16 xiv Table of Contents 8 Similarity Models for Voxelized CAD Data Object Similarity Normalization of CAD Data Space Partitioning Similarity Models Shape Histograms for Voxelized CAD Data The Volume Model The Solid-Angle Model The Eigen-Value Model Data Partitioning Similarity Models The Cover Sequence Model The Vector Set Model Effectiveness of Similarity Models A New Approach for Evaluating Similarity Models k-nn Queries OPTICS: A Density-Based Hierarchical Clustering Algorithm Experimental Evaluation Experimental Setup Evaluation of the Space Partitioning Similarity Models Evaluation of the Data Partitioning Similarity Models Summary Efficiency of Similarity Models The NB-Tree: A Filter for the Single Vector Models Filters for the Minimal Matching Distance The Centroid Approach The Euclidean Norm Approach The Closest Pair Approach Combined Filters Conclusion The Optimized Relational M-Tree The M-tree The Relational M-tree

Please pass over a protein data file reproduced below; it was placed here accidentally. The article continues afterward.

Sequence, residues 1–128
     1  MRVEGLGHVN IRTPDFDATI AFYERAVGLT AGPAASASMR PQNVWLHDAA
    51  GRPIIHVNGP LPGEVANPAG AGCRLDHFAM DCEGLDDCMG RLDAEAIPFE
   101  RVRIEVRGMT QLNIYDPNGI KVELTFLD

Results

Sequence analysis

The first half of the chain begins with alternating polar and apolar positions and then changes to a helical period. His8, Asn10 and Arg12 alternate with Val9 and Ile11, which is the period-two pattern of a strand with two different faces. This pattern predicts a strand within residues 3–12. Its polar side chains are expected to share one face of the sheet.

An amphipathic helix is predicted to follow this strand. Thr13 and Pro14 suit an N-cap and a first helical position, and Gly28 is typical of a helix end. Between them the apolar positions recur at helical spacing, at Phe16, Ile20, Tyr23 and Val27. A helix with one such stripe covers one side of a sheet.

17 xv The Scanning M-Tree The Filtering M-tree The Caching M-tree Experimental Evaluation Single Vector Models: The NB-Tree Vector Set Model: Filters for the Minimal Matching Distance Vector Set Model: M-tree Summary BOSS: Browsing Optics-Plots for Similarity Search Introduction Hierarchical Clustering Major Advantages of OPTICS Application Ranges Cluster Recognition Recent Work Gradient Clustering Cluster Representatives The Extended Medoid Approach The Minimum Core-Distance Approach The Maximum Successor Approach System Architecture Evaluation Cluster Recognition Cluster Representation Summary Summary Conclusions Summary and Contributions Virtual Engineering (Part I) Database Support for Digital Mockup (Part II) Database Support for Similarity Search (Part III)
18 xvi Table of Contents 12.2 Potentials for Future Work Efficient Haptic Simulation A Similarity Model based on Patterns Efficient Density-Based Clustering Navigating through Massive Multimedia Data Sets Browsing Distributed Data Sets List of Figures List of Definitions References Curriculum Vitae
19 Part I Introduction to Virtual Engineering